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The mirqaana : the desired state of heightened energy, reached in all and each of the following three phases.
1. The Igabana : The Eye Opener.
‘A typical farmer in the rural areas of Harerge starts the day by going into his oyiru, the family garden’. He inspects the farm and by 9am he goes to his khat orchard and settles down with other men for the morning chew. Igabana means the eye opener). A small quantity only of khat is chewed to quickly achieve a mirqaana so that ensues a burst of energy for labour intensive daily activities. Then breakfast, then work.
2. The Bartcha :
The early afternoon chew follows. Farmers may obtain their khat from their oyiru, urbanites bring their zurba (one bundle) – commonly bought from the chat terra or the town's market. However if the Bartcha was an invitation the host provides the leaves.
The Luluqacha : Rinsing of the mouth.
‘At the end of the Bartcha the chewed leaves are usually spat out but experienced chewers swallow it with water, tea or milk ‘as a final act of ceremony.’
3. The Atarora:
It is a last evening or night time chewing although not that regular nor widespread.
Note: Solitary khat chewing is not the usual practice.
The consumption :
Chewing: the leaves are placed between the inner side of the cheek and the gum on one side of the mouth. Khat chewing is always accompanied by drinking water or an infusion of coffee husks or milk to reduce dryness of the mouth and to soften khat leaves. This helps with the extraction of juices. 'The chewer adds leaves until a quid is formed'. It is sweetened by a pinch of sugar or sip of sugar containing drink to accommodate the bitter taste. 'Preparing the full quid may take as long as thirty to forty five minutes'.
Khat be used as an astringent medicine, boiled with milk or water and drunk as a beverage.
‘In the absence of rapid delivery’, if fresh leaves are unobtainable a paste is made from powdered leaves ingested or drunk as an infusion of boiled dried leaves. Khat is rarely smoked as is tobacco, but crushing the ends of twigs and leaves to roll them in cigarettes is recorded however.
Note: Rural chewers usually eat! Khat-chewing, against all pseudo-researches and urban myths, does not cut the appetite nor risk to engender malnutrition. Gebessa notes that in Harerge's rural areas khat is chewed before or after plentiful meals.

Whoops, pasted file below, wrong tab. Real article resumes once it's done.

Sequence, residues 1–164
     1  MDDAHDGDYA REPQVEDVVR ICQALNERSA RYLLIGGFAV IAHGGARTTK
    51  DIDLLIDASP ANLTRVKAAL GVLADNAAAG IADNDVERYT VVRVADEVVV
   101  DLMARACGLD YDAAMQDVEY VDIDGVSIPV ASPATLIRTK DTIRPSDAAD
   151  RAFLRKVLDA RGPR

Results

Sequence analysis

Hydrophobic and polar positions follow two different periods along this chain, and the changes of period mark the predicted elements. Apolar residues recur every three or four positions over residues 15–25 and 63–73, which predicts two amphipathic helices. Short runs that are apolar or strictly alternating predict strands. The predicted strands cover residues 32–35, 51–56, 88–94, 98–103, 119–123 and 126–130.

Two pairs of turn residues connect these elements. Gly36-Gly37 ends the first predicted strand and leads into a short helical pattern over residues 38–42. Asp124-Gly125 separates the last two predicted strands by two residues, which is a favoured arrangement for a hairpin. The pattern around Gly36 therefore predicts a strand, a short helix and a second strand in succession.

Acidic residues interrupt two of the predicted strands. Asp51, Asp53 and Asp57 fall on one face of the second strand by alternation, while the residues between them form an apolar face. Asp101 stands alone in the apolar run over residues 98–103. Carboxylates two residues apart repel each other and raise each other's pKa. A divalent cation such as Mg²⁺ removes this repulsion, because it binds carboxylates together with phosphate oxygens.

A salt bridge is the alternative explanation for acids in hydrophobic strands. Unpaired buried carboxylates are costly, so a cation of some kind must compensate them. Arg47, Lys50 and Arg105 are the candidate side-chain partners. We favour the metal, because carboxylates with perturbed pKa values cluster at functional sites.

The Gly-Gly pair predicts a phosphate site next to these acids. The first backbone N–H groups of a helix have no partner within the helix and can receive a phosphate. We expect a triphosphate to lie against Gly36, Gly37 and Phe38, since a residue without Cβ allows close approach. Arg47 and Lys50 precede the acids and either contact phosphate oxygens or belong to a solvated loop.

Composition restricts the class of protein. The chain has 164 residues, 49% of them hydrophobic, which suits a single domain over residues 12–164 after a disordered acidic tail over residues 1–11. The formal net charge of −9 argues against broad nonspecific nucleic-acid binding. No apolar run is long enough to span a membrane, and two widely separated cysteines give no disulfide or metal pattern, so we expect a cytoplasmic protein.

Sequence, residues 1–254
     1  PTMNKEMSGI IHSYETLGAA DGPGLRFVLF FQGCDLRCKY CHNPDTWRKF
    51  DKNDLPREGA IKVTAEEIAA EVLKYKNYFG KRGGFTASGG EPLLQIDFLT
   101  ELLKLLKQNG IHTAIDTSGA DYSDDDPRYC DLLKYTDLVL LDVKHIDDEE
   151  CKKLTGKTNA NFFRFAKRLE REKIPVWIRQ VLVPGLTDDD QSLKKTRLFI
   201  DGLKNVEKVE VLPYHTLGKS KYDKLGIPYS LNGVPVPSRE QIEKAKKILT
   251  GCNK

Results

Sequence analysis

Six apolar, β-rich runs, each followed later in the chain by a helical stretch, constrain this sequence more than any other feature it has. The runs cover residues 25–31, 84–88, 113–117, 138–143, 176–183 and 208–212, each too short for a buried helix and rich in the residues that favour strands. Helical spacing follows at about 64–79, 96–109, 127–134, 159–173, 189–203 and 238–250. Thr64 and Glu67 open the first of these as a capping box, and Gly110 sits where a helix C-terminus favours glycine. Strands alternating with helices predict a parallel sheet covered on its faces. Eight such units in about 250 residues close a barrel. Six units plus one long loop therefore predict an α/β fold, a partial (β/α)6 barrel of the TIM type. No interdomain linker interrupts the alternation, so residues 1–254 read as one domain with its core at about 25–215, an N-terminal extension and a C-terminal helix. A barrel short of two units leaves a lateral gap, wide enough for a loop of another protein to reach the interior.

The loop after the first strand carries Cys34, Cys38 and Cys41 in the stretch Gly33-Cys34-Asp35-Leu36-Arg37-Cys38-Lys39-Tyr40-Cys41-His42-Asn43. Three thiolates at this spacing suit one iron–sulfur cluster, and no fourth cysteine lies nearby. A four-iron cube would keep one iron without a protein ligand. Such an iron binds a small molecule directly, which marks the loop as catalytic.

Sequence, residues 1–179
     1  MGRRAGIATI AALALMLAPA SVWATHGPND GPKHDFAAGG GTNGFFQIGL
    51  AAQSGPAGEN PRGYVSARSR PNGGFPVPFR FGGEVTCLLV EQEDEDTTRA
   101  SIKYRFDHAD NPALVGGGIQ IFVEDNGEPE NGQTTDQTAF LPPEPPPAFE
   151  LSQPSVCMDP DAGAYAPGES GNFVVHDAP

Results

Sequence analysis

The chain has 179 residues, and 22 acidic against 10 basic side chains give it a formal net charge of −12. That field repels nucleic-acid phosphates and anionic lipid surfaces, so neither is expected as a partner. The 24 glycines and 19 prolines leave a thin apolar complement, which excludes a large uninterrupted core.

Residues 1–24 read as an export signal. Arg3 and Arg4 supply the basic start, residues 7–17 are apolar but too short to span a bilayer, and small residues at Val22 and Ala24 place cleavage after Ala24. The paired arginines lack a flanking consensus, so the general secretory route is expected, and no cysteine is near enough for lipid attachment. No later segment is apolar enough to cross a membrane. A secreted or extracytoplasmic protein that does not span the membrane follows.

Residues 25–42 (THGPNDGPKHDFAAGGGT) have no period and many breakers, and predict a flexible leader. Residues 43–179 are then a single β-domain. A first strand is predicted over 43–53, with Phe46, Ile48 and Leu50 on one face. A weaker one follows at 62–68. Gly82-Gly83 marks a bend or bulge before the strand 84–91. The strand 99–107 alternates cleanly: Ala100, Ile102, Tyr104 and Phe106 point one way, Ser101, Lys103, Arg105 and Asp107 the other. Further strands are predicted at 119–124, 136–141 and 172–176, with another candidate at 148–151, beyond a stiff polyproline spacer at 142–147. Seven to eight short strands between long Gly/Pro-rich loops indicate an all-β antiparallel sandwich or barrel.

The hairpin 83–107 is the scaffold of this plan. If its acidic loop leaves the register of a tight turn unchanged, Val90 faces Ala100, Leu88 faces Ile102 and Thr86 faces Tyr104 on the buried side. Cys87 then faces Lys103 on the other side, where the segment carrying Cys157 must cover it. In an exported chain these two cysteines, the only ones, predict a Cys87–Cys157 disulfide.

The leaves or twigs of Khat (or Kat or Cat, no not that one, don't try to chew the feline) are known for their stimulant effects. Chewing khat is widespread and popular in many parts of the world particularly in the Arabian peninsula (Yemen), the Middle East, Asia and the Horn of Africa, and has been so for as long as the land can attest to its growth (well that's almost everywhere....).
Fresh leaves are preferred since the main active ingredient in khat is cathinone which degenerates fast (two or three days after plucking) resulting in the less potent cathine, found in dried leaves.
Khat is chewed to relieve fatigue, sensations of hunger, thirst or is used as a stimulant or medicine. The consumption of khat is almost institutionalized in the religious life and practices of several Muslim communities in the Horn. For centuries, chewing khat has been standard practice in religious ceremonies held at Muslim shrines across the Somalia, spending long hours of the day and night chewing khat whilst reciting passages from the holy Quran and praying. It also plays an important role during Ramadan and during the Arafa celebrations. Khat chewing precedes or follows religious readings and meditations during the Mawlid, the birth of the Prophet (PBUH).
In the Horn of Africa, the consumption remained contained and small until the arrival of the Djibouti-Addis Ababa railway at Dire Dawa in 1902. Henceforth, it has grown considerably with help of highways, Air transport and …. the Derg (yeap, khat consumption grew more rapidly and widely during this military rule than due to the other factors so far counted or analysed it seems).
Ethiopia is the foremost producer and exporter of khat but the plant is also grown and used in Africa in Kenya, Tanzania, Malawi, Uganda, the Congo, South Africa and Somalia.
France and the US have banned the importation of khat. But in Britain, Israel, Canada, the Netherlands and Yemen it is legal. Said Barre banned it in Somalia in 1833 but the prohibition was unsuccessful.
Traditionally it is in rural areas that khat was used and known. More recently, urbanites have taken a strong liking to it. There exists a usage divide between these two communities. Rural users believe that ‘if khat chewing is not followed by hard labour it then serves as an irritant rather than as a stimulant’. Ezekiel Gebrissa says that ‘Khat is valued for its critical role in such productive activities as work, meditative worship and cultural ceremonies. However for users in cities and towns khat is a recreational substance used (or more precisely abused) solely for social pleasure.’
For both rural and urban consumers khat is a medium of social interaction.
The Khat shrub is a member of genus Catha in the family Celastraceae found widely dispersed in all continents except for polar zones. The origin and nature of the plant is still uncertain and under study.
Notes and thoughts taken through an all XX evening: Teardrops , Crystallised , Hot Like Fire , well their entire album in fact on rep-rep-peat.